AL 1:
After completing the QRH procedure and consultation with the operator's operations centre, the flight crew decided to continue the flight to Warsaw.
ex-EWR
The crew checked correctness of the procedure and then reported to the air traffic control service (ATC) inability to extend the landing gear and asked operations centre for help.
The airplane was directed to a holding zone. Around 12:25 hrs the flight crew declared EMERGENCY situation. At 12:45, after consultation with the Command Post of Air Operations Centre, it was decided to activate ground alert combat aircraft from an Air Force base to check visually the landing gear.
At 13:06 hrs the pilots of combat aircraft informed the Boeing flight crew that the all landing gear was still in the retracted position. During the flight in the holding zone the flight crew consulted their actions with the operator operations centre.
The crew carried out an attempt to extend the landing gear in the gravitational way, which ended in failure. Due to small fuel quantity and unsuccessful attempts to extend the landing gear, the crew decided to execute an emergency landing with landing gear retracted. The plane landed at Warsaw-Okecie aerodrome (EPWA), on runway 33 at 13:39.
So about 90mins from "gear won't lower" to wheels up on runway, and in consulation with their Ops for that ~90mins - having given a heads up ~8hours earlier. Certainly in my outfit, after the 8hours I think I would have had more "help" than I needed on the R/T / ACARS

Looking at the manual extracts, even if they traced the Alt Ext motor in the CB chart, this was not the CB tripped - you had to go back to the power source for that busbar.
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Old 2nd Nov 2012, 17:51
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As I said earlier to Clandestino - there are 'bigger fish to fry' here. It is beyond belief that as NoD says, no-one from Company suggested this breaker. Crew-wise, charliemouse, I agree that a 'one isolated photo' presentation shows it to be obvious, but I would prefer to sit in the cockpit before I passed judgement - and the report does say it is 'very difficult' to see this breaker.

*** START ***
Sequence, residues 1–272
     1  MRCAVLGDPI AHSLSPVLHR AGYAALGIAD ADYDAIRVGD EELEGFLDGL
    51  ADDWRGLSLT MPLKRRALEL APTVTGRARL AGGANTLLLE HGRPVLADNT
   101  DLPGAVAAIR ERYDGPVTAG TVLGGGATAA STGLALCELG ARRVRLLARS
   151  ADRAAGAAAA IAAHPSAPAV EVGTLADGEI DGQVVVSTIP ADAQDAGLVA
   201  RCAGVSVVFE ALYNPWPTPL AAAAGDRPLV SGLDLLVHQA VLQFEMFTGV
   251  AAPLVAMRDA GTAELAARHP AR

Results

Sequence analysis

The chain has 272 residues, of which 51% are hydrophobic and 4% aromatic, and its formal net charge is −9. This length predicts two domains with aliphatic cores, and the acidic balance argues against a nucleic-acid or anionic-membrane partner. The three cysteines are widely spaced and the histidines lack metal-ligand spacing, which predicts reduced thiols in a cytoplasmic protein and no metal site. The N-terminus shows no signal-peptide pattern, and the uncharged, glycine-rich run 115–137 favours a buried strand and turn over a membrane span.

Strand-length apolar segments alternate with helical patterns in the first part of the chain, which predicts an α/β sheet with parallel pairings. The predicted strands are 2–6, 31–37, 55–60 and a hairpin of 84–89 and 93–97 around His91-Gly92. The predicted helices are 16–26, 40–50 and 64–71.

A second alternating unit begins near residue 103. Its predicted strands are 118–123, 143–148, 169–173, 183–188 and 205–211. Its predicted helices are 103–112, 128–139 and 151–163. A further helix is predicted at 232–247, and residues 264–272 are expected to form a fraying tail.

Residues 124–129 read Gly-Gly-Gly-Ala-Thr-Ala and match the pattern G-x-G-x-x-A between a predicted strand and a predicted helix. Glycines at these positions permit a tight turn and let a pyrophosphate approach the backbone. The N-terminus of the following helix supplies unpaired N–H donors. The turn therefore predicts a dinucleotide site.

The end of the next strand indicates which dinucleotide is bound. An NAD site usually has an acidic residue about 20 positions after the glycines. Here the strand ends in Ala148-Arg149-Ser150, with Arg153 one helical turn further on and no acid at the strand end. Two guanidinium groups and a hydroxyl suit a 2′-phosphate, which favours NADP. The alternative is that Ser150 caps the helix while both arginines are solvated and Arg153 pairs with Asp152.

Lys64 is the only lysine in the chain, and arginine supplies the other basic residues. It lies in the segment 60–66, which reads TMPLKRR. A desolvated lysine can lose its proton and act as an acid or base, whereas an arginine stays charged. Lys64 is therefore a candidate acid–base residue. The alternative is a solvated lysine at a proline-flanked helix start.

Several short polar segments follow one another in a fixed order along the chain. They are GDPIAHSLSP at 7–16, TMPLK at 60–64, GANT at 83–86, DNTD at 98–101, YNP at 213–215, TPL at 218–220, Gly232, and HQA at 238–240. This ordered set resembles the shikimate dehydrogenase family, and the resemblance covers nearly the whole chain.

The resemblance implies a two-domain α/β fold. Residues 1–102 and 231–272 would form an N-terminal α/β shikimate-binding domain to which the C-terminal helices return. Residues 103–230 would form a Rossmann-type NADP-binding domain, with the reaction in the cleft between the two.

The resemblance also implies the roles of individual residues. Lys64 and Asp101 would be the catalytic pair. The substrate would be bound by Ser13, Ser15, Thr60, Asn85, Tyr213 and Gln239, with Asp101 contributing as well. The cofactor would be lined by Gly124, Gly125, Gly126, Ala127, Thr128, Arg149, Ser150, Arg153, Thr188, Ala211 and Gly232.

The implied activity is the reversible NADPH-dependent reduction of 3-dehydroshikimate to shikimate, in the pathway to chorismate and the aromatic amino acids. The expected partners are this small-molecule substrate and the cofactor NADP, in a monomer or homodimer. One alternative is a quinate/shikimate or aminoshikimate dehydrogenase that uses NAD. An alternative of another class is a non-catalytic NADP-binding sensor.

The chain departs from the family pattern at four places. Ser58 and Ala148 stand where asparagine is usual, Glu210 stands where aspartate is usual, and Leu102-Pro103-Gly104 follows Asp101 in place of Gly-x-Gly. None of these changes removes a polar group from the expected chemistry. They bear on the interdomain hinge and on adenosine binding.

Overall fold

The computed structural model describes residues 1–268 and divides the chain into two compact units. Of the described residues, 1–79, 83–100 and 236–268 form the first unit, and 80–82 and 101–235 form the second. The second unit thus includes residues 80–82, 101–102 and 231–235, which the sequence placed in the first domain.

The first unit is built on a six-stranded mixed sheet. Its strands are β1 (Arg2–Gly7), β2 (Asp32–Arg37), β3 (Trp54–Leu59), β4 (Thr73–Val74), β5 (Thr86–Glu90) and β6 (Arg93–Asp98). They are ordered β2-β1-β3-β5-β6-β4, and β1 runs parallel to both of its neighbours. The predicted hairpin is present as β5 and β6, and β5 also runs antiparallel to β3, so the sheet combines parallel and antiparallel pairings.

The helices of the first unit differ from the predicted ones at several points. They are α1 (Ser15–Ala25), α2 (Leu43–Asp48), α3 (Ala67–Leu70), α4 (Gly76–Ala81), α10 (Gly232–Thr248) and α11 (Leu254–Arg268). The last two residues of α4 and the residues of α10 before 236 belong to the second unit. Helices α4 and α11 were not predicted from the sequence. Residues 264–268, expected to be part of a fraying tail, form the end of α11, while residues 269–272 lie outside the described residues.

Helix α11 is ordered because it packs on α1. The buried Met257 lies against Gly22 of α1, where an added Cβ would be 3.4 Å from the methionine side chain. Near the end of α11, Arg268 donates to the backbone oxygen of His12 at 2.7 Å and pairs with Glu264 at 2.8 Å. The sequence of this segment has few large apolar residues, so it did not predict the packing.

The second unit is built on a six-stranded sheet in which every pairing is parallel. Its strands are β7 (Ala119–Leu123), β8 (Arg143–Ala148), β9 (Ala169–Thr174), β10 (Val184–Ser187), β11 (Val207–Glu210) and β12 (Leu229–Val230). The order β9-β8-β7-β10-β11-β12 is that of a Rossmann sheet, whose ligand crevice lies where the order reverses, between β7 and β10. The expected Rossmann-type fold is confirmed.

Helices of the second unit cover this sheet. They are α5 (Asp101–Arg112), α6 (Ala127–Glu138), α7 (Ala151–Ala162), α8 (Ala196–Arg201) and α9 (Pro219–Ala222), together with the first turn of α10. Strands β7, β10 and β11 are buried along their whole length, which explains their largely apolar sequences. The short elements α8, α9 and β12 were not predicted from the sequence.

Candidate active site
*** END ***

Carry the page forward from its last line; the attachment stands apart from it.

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Old 3rd Nov 2012, 10:09
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From the B767 FCOM:

The alternate landing gear extension system uses an electric motor to trip the locking mechanism for each gear.

No electrical power, no gear extension, regardless of status of the center hydraulic system. This is the precise result when the CB controlling the motors is popped.

Can't seem to find it, but recall from a previous aircraft's QRH a warning to extend landing gear prior to battery depletion in a "Loss of All Generators" c/l.
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Old 3rd Nov 2012, 23:34
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Anyone remember years back when the G-V had a gear wedge against its gear door due to bad sequencing? If I recall that plane circled for hours while every engineer, mechanic, and pilot at Gulfstream ran the array of possible fixes from the mundane to the borderline insane. In the end they got the gear down.

I'm surprised Boeing wasn't brought more into the loop on this during the 9+ hour flight.
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Old 4th Nov 2012, 13:05
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Time

Island-Flyer

The entire flight may have lasted 9 hours, but the tricky problem just came up on final approach to Warsaw. Until then it had just been a case of, lost centre hydraulics, gear will be extended by alternate gear sytem, no need to wake up Boeing for such a straight forward situation.

Joker 72
Code:
No electrical power, no gear extension, regardless of status of the center hydraulic system.
I hope you do realize that with centre hydraulics available, there is no need for alternate extension, and gear can be extended normally, without any electrics (with normal extension, uplocks are released by hydraulic actuators).
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Old 4th Nov 2012, 20:17
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I'd like to bet the problem would have been successfully solved in the olden days with a 3 man flight crew and a Flight Engineer addressing the problem.

Apologies for slight thread drift but talking about popped cbs ....

In the old 747 the problem was often a popped cb normally spotted by the Fight Engineer. Although one event not spotted resulted in doing 2 goarounds in BOS due inability to keep it on the centreline manually or autocoupled. It turned out the cb responsible for the circuit that locked out the outboard ailerons when flaps were up had popped and both approaches were flown using inboard ailerons only. They managed to get down on the third approach and only after parking did they spot the popped circuit breaker.